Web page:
See Michel Foucault, Discipline and Punish: The Birth of the Prison, Penguin, 1991 (first French publication 1975). A good explanation is provided by the passage on ‘the body as object and target of power’ and ‘projects of docility’ in the C18th (136). See also Michel Foucault, The History of Sexuality 1, Pelican, 1981 (first French publication 1976). Here, Foucault outlines the way ‘mechanisms of power’ changed at that time: there was now ‘a power bent on generating forces, making them grow, and ordering them, rather than one dedicated to impeding them, making them submit, or destroying them’ (136 – is this page number a coincidence, or do They …). As an interesting study of biopower, see Majia Holmer Nadesan, Governmentality, Biopower, and Everyday Life, Routledge, 2008. Useful as commentary is Chapter 5, where Nadesan writes, for example, of ‘the human sciences … function[ing] as forms of power governing evaluation of the behaviour of self and others’ (179). Biopower is always to be distinguished from coercion and imprisonment. On the development of Foucault’s thought after Discipline and Punish, see Stuart Elden, Foucault’s Last Decade, Cambridge: Polity Press, 2016. On Foucault and power in relation to Mason & Dixon, see Georgios Maragos, G., (2014). ‘For every They there ought to be a We’: The (Almost) Equivalence of Power and Resistance in Mason & Dixon and Against the Day, Orbit: A Journal of American Literature, 2014, 2 (2).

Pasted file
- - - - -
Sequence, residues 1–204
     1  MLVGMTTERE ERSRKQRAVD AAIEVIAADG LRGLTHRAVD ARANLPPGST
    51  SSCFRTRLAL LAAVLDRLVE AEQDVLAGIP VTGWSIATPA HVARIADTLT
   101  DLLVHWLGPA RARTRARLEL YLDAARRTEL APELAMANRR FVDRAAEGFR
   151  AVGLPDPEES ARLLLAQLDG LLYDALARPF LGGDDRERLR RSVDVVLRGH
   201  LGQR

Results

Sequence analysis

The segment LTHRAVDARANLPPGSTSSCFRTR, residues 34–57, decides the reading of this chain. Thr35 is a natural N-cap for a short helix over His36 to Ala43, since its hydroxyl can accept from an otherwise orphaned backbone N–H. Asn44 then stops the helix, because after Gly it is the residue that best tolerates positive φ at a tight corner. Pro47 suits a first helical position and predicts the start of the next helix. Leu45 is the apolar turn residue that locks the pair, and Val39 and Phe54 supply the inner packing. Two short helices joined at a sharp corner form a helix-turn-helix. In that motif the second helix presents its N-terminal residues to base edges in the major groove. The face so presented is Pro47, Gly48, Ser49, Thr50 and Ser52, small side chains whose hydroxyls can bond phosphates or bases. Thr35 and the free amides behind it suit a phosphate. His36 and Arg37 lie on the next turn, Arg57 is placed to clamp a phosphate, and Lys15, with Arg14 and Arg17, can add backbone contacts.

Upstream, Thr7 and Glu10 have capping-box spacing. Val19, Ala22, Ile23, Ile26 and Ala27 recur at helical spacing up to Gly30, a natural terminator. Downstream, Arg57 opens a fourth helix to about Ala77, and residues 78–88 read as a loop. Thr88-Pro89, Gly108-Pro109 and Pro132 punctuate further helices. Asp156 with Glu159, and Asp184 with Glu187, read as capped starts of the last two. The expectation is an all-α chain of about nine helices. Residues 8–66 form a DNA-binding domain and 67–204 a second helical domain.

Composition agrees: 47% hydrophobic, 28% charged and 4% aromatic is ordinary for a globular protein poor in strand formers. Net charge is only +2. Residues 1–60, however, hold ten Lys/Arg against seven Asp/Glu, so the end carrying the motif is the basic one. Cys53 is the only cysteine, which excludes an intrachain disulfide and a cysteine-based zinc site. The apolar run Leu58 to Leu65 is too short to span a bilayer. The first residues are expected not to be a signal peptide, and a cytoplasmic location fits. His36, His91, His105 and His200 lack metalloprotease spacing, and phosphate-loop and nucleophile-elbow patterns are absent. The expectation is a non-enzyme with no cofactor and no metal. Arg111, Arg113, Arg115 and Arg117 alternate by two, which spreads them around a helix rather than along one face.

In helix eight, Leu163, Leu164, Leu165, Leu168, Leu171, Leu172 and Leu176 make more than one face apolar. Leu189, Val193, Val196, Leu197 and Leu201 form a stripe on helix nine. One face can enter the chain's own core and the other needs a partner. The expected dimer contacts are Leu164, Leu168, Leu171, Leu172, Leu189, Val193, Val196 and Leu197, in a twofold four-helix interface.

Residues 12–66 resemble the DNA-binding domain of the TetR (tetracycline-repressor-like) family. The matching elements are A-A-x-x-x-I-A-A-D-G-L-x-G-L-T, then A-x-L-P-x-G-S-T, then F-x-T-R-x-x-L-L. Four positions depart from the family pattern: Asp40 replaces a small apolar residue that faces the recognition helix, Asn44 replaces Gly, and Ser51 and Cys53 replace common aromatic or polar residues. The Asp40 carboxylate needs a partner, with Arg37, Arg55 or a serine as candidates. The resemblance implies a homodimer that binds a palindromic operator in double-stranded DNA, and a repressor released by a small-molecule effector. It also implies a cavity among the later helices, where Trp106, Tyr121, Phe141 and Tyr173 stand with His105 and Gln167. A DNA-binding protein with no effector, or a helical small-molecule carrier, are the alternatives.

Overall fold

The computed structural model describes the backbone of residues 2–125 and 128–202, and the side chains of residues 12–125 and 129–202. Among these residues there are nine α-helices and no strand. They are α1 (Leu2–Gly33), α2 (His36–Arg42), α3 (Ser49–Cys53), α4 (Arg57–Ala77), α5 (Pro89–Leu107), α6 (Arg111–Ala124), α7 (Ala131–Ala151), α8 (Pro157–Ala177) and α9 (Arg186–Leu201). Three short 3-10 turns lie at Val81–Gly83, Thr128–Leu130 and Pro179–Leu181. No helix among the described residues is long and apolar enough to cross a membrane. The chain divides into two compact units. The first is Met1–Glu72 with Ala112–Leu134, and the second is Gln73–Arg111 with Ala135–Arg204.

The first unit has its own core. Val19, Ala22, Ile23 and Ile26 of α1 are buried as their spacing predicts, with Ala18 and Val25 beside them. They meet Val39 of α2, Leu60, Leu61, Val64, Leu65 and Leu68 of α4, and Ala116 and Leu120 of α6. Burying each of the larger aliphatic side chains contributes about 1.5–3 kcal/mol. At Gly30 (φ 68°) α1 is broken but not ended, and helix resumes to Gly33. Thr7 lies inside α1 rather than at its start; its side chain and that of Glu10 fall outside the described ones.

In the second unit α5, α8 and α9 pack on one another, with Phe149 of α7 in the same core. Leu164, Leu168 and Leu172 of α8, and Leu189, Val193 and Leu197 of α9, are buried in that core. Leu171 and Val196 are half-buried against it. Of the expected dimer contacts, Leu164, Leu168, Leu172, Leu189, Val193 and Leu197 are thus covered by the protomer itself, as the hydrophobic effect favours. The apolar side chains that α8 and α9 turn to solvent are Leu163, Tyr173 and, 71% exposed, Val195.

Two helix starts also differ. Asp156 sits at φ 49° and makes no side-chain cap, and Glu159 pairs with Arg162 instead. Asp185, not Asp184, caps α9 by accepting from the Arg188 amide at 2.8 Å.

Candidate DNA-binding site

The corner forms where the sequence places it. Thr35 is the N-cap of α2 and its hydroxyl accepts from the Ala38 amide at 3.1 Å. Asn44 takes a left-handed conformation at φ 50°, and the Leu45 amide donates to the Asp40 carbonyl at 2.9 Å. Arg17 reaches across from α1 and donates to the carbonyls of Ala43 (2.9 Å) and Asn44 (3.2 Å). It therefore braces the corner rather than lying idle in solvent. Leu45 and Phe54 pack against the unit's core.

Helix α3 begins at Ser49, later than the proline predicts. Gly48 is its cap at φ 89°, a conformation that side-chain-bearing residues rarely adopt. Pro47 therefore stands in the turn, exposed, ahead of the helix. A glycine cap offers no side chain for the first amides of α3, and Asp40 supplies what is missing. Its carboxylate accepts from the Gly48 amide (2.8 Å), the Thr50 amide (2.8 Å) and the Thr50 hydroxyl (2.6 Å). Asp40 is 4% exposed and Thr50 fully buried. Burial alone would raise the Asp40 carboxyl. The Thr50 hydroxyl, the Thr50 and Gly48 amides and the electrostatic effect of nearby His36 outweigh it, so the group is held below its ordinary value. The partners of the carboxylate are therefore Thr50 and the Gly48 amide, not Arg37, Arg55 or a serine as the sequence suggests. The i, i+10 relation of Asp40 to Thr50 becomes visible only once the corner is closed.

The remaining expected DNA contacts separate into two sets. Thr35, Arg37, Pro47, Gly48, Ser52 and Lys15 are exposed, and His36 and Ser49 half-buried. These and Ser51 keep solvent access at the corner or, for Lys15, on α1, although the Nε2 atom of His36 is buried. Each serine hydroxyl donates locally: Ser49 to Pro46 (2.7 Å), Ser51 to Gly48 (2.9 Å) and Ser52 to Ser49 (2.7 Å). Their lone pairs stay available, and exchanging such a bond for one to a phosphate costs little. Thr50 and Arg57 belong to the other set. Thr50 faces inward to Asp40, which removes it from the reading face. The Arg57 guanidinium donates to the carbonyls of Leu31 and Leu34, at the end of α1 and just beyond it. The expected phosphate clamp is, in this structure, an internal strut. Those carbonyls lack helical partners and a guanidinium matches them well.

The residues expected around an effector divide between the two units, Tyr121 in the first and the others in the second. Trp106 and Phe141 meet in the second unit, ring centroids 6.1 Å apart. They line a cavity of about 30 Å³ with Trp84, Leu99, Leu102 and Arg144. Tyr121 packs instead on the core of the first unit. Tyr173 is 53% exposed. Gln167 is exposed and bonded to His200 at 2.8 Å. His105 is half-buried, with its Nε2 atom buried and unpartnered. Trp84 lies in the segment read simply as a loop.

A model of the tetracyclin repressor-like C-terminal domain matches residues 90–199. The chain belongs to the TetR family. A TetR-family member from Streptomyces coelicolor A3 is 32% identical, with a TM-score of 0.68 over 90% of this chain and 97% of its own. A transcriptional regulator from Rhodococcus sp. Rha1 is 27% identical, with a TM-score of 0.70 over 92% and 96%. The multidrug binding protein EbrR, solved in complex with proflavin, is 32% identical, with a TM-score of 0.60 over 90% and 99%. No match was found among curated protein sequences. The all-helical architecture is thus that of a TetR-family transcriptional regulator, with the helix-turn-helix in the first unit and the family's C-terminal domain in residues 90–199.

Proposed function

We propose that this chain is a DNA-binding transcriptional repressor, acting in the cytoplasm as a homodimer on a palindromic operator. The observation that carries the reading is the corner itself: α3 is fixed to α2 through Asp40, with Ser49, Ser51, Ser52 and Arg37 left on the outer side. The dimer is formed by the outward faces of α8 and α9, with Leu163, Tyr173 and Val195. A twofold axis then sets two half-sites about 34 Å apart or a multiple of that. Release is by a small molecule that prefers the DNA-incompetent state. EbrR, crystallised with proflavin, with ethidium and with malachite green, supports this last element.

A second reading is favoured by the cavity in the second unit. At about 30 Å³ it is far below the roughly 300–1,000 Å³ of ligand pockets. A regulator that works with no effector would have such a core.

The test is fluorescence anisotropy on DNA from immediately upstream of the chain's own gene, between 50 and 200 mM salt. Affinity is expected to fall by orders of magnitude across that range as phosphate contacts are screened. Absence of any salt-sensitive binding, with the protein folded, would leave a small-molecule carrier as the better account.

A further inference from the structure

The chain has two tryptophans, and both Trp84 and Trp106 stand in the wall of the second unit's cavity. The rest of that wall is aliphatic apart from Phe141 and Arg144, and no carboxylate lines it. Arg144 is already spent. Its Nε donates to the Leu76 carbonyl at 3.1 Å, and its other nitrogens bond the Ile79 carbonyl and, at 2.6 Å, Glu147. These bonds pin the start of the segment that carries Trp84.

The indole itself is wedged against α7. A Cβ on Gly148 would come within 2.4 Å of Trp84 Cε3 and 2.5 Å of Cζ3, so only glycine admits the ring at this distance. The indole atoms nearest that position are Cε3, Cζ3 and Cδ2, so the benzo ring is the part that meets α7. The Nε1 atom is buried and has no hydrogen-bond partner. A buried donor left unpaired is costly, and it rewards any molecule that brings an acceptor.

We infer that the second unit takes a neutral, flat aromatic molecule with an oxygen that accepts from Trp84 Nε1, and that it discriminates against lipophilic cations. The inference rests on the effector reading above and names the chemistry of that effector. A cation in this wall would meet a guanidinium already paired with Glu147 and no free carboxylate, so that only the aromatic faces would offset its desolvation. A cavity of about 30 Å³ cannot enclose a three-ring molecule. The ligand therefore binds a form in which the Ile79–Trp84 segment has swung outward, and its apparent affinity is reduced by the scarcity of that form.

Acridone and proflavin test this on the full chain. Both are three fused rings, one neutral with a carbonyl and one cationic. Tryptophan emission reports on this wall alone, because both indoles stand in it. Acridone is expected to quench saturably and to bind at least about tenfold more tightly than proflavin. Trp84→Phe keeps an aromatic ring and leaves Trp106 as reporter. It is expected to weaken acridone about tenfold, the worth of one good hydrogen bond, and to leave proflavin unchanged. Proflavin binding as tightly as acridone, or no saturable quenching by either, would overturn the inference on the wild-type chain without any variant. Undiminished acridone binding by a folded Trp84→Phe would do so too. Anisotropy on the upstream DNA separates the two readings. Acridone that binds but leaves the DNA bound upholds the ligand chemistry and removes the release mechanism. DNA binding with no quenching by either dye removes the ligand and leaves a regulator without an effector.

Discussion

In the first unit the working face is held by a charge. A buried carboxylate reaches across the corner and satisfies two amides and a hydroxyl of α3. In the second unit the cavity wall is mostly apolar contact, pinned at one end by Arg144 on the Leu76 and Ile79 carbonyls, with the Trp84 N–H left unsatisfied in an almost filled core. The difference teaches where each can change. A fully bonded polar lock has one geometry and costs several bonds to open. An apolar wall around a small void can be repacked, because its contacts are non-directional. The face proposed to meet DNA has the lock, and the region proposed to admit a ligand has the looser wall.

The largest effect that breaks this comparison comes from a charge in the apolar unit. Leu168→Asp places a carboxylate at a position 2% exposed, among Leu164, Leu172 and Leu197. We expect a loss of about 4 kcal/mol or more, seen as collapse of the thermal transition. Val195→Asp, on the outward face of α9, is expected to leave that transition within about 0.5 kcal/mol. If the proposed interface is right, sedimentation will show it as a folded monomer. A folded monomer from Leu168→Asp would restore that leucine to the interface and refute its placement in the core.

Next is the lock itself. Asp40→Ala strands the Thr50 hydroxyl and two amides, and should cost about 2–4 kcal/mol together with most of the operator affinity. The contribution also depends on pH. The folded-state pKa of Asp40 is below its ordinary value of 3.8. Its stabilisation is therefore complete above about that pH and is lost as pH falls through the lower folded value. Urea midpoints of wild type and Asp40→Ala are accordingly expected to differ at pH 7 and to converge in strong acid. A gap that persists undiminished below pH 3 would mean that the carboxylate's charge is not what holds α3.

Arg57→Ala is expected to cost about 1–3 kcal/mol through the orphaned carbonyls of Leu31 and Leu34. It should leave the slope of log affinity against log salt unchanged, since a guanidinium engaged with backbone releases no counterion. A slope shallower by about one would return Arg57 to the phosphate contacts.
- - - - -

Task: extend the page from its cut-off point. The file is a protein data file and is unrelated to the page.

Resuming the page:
I am also thinking of what Collado Rodríguez has written about the difference between first- and second-level narrations. See Francisco Collado Rodríguez, Mason & Dixon, Historiographic Metafiction and the Unstable Reconciliation of Opposites, in Ian D Copestake (ed), American Postmodernity: Essays on the Recent Fiction of Thomas Pynchon, Oxford: Peter Lang, 2003.